Funnily enough, this is part of what The 08th MS Team does too. It’s a story about a group of ordinary soldiers facing a prototype weapon, rather than (as with much of the rest of the franchise) a hero piloting a prototype weapon and killing ordinary soldiers. The Apsalus, in its several variants, is the suitably menacing zenith of the show’s generally excellent mechanical design, a hideously bulbous, gravity-defying monster which (brilliantly) retains the cyclopean mono-eye. Need I mention its gaping – mouth? – which we’re forced to re-examine when Aina suggests Ginias built it as a surrogate womb?
By such Freudian paths we come to the characters themselves, about whom I have little to say. To borrow Hidoshi’s words, since he puts it well:
The cast plays upon archetype quite a bit. . . . the typical characters of a wartime drama take the stage. But a cliché is not always a bad thing, and by and large the cast manage to escape their moulds and endear themselves to the viewer. They do nothing particularly new, but their showing is a strong one, and of a high calibre.
It is the cast of a wartime drama; The 08th MS Team is a wartime drama, more than any other Gundam I’ve seen and perhaps more than any other mecha anime I’ve seen. It takes a group of familiar people and puts them through some easily recognised situations – futile battles, love across a divide, a Dear John letter &c – but it does it with great panache, a compelling touch of opera and the roar of Norris’s 75mm shield-mounted Gatling gun (I’m salivating). What’s not to like?
The last episode, that’s what. Sinking to a homily on the subject of naming is simply gauche. It’s especially gauche at the end of a series which managed, most of the time, to convey its messages without shouting. I can see the arguments for having an epilogue episode. The Universal Century story, as a whole, is the story of different people repeating the same mistakes. A brief glimpse of a life outside warfare is a reassuring reminder that people can escape those mistakes, in the same way that Conrad, for example, is sometimes praised for highlighting the transience of imperial rule at a time when it could seem everlasting. (Similarly, War and Peace would be a lesser book if it was just called War.)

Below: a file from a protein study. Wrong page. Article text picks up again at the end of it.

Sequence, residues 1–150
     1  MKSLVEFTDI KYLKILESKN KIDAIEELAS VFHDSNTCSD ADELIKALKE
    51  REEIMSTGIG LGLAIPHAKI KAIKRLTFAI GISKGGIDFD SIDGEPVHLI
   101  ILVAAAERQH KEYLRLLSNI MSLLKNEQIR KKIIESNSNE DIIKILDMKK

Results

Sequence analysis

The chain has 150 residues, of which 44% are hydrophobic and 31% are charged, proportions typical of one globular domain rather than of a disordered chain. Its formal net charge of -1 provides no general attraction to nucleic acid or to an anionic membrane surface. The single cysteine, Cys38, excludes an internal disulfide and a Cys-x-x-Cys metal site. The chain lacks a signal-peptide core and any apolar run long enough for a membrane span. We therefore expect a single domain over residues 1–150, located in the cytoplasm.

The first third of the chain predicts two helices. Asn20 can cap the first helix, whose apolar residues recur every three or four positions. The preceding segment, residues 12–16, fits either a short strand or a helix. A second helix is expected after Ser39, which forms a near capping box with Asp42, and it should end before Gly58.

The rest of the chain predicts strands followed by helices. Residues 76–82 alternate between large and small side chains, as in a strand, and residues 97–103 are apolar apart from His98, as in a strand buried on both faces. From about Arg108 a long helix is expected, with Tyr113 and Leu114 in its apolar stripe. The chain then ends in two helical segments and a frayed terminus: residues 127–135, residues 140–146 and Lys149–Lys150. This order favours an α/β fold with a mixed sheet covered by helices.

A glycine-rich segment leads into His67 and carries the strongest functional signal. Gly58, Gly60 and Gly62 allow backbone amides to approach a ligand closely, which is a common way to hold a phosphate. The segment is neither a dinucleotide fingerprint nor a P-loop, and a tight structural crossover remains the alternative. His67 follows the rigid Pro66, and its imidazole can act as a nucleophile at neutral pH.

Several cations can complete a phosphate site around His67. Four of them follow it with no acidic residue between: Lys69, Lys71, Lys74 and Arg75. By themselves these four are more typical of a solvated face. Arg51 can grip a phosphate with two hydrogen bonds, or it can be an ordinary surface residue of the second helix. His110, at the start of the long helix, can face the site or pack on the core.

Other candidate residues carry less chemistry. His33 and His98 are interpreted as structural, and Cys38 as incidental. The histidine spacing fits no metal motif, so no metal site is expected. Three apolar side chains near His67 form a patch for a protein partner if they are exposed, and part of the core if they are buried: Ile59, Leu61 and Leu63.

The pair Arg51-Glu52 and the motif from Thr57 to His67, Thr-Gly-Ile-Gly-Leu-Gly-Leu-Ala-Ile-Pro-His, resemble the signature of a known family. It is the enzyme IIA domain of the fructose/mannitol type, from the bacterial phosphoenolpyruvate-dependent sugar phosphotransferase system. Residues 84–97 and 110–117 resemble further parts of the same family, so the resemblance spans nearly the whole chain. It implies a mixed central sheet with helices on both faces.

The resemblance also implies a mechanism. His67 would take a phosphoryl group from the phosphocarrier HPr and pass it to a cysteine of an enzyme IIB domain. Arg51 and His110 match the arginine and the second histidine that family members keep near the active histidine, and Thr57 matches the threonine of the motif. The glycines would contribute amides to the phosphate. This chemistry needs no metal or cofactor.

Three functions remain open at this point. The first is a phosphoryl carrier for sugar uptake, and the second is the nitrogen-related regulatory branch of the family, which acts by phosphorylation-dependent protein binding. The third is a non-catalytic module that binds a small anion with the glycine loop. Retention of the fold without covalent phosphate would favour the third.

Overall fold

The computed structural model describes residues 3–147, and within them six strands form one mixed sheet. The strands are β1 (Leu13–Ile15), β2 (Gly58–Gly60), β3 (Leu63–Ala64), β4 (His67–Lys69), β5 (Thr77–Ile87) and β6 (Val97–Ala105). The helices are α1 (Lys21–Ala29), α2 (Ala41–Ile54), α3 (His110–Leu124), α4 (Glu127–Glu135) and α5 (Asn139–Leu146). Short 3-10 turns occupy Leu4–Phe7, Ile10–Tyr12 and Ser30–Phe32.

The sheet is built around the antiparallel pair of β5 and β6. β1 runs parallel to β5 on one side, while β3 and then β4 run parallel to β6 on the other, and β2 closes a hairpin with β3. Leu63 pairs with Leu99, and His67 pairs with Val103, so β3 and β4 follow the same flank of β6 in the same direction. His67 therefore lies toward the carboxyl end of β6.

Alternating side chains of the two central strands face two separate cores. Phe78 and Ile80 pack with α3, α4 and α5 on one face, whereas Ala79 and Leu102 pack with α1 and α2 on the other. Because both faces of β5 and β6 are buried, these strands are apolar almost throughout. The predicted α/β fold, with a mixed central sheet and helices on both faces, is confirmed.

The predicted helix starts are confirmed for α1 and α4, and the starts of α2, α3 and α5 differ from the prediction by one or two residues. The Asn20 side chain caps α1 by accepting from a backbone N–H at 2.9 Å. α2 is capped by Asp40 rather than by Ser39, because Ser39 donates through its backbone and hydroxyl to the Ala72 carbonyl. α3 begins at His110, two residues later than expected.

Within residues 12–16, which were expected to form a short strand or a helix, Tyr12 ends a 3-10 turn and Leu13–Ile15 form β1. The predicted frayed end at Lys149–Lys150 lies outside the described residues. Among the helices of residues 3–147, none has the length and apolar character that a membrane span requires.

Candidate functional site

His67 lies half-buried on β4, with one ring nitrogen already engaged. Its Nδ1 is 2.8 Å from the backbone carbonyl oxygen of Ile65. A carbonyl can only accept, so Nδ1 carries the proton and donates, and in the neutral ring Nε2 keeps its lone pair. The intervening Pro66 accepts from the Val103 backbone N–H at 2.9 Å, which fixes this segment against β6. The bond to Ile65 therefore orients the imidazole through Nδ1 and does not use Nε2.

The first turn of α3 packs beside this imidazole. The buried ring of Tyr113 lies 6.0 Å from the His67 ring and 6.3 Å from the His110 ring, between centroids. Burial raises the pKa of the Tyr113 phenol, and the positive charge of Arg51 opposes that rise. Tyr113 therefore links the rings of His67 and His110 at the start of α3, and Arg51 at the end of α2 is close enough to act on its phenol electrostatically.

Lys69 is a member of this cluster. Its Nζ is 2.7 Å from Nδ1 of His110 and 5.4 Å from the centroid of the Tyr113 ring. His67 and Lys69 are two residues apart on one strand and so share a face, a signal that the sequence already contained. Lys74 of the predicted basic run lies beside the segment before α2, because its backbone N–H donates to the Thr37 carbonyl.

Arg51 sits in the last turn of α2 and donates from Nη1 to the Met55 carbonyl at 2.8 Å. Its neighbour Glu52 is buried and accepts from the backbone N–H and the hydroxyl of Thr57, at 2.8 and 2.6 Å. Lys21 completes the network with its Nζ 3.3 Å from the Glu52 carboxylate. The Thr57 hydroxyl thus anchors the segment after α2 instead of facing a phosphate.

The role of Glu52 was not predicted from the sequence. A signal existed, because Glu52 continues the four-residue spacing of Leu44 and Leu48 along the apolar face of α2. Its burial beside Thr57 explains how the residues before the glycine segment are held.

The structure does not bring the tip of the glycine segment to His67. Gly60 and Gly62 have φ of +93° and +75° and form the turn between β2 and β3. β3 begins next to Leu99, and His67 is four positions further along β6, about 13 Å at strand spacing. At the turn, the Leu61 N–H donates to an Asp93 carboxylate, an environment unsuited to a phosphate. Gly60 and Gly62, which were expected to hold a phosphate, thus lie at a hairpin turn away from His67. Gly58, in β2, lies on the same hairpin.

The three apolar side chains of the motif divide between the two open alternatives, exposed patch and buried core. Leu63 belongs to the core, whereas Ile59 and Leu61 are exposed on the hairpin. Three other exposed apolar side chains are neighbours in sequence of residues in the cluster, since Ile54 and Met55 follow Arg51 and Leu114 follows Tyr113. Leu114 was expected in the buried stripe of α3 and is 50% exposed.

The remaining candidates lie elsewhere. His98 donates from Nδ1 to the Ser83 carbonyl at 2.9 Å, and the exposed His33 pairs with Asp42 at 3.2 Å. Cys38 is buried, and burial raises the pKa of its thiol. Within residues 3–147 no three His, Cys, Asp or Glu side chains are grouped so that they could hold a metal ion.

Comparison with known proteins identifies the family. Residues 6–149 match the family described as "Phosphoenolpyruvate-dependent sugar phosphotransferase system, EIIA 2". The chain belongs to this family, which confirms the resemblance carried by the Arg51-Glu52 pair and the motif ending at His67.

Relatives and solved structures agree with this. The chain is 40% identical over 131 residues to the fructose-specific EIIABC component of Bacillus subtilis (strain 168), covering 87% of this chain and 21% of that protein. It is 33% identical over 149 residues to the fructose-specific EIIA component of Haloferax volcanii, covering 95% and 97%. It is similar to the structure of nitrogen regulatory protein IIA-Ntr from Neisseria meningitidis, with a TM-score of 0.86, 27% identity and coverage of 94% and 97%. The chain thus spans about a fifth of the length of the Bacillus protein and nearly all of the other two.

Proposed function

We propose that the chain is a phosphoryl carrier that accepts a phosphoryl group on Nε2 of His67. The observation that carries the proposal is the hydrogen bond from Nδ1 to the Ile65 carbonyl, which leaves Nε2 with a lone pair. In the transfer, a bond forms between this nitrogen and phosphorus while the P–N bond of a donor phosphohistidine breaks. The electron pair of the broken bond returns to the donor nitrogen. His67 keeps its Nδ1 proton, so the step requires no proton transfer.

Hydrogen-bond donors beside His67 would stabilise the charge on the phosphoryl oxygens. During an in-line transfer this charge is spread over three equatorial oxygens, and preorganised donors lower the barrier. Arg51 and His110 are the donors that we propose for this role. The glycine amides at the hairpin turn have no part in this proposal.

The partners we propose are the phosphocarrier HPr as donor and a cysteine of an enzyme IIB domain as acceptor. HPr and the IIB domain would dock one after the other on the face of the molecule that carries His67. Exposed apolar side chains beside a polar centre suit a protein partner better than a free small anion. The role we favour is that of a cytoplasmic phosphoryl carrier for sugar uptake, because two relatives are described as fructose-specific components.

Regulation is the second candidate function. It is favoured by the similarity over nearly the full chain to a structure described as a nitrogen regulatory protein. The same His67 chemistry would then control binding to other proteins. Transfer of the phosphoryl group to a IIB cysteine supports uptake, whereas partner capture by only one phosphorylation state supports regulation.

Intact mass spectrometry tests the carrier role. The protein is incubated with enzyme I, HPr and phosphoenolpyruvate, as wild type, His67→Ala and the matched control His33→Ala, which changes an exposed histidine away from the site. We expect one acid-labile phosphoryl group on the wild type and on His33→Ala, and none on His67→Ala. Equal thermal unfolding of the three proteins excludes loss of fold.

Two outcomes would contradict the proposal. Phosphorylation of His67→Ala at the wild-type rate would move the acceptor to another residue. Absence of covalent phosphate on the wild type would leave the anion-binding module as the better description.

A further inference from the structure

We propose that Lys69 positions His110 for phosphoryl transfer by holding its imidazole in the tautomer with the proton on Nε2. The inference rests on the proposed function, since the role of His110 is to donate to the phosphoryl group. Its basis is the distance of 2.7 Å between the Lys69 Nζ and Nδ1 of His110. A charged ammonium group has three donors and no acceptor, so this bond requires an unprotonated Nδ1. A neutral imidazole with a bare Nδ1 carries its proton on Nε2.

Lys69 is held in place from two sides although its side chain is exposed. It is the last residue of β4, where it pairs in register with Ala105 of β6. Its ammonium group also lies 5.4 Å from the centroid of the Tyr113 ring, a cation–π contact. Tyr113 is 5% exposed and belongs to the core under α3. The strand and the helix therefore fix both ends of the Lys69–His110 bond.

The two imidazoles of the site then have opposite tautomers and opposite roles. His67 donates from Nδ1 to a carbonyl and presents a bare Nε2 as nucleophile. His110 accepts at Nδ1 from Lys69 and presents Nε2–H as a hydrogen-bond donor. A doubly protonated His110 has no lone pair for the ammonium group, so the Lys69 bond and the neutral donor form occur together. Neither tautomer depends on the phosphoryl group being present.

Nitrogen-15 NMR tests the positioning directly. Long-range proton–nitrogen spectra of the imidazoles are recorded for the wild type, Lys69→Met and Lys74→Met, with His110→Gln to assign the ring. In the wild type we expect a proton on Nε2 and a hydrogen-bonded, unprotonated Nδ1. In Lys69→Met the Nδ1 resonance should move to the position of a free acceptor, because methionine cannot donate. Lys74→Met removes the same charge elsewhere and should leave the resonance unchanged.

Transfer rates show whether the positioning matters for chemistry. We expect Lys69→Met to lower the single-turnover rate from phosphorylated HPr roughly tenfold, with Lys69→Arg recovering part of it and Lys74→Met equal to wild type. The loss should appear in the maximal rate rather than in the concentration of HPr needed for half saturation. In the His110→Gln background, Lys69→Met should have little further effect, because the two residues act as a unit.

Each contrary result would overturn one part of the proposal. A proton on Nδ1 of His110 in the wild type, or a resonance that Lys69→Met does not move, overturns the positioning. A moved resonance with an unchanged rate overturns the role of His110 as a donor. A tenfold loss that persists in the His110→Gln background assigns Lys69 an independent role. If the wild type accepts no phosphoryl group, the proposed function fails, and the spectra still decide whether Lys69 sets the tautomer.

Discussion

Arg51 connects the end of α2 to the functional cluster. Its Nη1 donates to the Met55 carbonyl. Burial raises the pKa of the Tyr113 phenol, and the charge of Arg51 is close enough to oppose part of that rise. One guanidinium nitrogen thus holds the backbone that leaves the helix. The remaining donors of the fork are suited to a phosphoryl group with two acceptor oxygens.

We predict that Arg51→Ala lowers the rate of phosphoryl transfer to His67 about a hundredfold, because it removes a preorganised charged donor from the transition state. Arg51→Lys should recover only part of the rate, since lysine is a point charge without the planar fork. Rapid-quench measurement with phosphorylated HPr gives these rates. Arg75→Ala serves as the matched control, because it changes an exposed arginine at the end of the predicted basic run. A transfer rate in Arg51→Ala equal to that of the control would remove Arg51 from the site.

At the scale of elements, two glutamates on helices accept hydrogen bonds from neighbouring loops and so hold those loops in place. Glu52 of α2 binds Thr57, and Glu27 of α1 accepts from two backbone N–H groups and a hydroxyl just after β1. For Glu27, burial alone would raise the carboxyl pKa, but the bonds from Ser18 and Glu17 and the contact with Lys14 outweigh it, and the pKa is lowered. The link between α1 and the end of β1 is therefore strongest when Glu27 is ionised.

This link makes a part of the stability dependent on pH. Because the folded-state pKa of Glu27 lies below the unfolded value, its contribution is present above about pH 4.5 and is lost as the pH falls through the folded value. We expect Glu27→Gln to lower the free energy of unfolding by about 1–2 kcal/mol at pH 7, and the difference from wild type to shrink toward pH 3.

Insert obligatory Edwin Starr reference.
Infinite Ryvius – which is not a mecha show, but rather The Prince in the style of Dawson’s Creek, with fly-by-wire robots in the background – has an epilogue designed to do just that, to reaffirm that things can go right even if they’ve previously gone horribly wrong. G Gundam did something similar: the final five episodes might have been lacking in comparison to the superb forty-fifth, but they did remind us that winning the Gundam Fight wasn’t the point of the show. And ∀ Gundam is arguably performing this function for the entire Gundam franchise: one can escape the war, though one might have to be a cross-dressing chauffeur to do it.
Sadly The 08th MS Team does not benefit from its epilogue. The eleventh installment ended adequately – no, quite well, with just enough information about the lovers’ fate, and the sight of the unified Team running towards the Shuddering Mountain. The twelfth episode is an unfortunate superfluity in an otherwise restrained series, but then nothing ends perfectly. Our maimed hero, whose idealism had, at best, mixed results, would probably agree. The weak finish might leave The 08th MS Team looking like it’s missing a limb, but I can love it despite that.
- Roasty-beefy-weefs (?) recently used watching The 08th MS Team as the catalyst for a consideration of Gundam romance, then and now.